Hazel O'Leary: Carma Chameleon

By Kirtley, Jane | American Journalism Review, January-February 1996 | Go to article overview

Hazel O'Leary: Carma Chameleon


Kirtley, Jane, American Journalism Review


When it comes to invading privacy, who is the worst offender?

According to Alan F. Westin, a professor of public law and government at Columbia University, the, greatest violators of privacy are the media.

Speaking at a symposium on privacy and public policy in Hartford, Connecticut, Westin opined that the media often "go too far" in their efforts to gather and disseminate news, even though the First Amendment may give them the right to do so.

It is intriguing that Westin would single Out the press. His thesis presumes that media intrusions into citizens' private lives far exceed those Of other commercial entities, such as direct marketers or credit reporting agencies like Equifax, for whom Westin, incidentally, has worked as a consultant.

Furthermore, news organizations' "excesses" in reporting on individuals pale in comparison to those of law enforcement officials engaged in surveillance of individuals. Westin's position seems particularly laughable in light of the FBI's crusade to obtain broader authority to tap telephone lines. But of course, as Edward J. Appel, director of counterintelligence at the National Security Council, said at one of the Panel sessions, "If an intelligence agency violates privacy, it's doing it for the good of the United States."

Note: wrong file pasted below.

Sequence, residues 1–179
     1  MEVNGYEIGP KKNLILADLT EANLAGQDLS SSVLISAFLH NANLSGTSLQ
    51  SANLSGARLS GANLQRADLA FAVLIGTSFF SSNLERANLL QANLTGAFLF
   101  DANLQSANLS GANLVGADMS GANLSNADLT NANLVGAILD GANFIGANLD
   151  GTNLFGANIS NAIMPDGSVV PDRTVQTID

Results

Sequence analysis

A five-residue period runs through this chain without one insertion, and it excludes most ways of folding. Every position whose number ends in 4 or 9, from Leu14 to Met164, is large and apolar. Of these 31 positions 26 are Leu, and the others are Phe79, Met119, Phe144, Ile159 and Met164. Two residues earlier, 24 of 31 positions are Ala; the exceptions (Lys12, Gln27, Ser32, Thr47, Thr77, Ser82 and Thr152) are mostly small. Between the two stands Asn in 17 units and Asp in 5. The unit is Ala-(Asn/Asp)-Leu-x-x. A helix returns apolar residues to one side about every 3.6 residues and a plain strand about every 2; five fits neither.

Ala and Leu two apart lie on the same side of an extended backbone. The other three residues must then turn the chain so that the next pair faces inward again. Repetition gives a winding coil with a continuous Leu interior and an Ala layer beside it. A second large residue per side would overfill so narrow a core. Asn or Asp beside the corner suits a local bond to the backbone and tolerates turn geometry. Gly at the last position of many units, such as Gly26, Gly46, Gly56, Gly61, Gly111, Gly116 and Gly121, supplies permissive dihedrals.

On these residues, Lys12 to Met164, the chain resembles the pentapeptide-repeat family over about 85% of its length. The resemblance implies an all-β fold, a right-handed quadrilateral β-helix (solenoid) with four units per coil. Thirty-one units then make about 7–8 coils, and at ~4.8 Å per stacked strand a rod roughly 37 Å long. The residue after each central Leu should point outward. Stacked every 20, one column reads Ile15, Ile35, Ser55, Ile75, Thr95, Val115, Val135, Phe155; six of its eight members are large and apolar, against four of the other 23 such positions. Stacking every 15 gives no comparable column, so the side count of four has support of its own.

Presumably the Department of Energy was also acting with "the good" of the republic in mind when it decided to pay more than $40,000 to Carma International, a private company, to monitor and analyze news coverage of the agency. Although Energy Secretary Hazel R. O'Leary denied requesting it, Carma also provided DOE with "favorability" ratings for news outlets, reporters and news sources.

O'Leary said that the agency wasn't trying to develop an "enemies" list, nor to single out journalists who wrote positive stories for favored treatment; all DOE was trying to do was gauge whether it was getting its message across. As it turned out, O'Leary said--as if this ends the matter--she didn't find the reports to be that useful anyway.

In the wake of bipartisan calls for O'Leary's resignation, the White House apparently decided that a tongue-lashing--and an order to repay the tab from her office account--was sufficient punishment. After all, the White House said in a statement, O'Leary has been an effective Cabinet member, and "this matter should not detract from that record. …

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